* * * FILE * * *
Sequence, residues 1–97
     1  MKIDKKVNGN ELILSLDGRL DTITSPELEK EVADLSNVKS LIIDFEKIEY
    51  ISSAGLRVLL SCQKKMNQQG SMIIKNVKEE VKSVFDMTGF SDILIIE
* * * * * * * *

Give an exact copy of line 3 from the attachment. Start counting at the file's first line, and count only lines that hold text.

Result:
    51  ISSAGLRVLL SCQKKMNQQG SMIIKNVKEE VKSVFDMTGF SDILIIE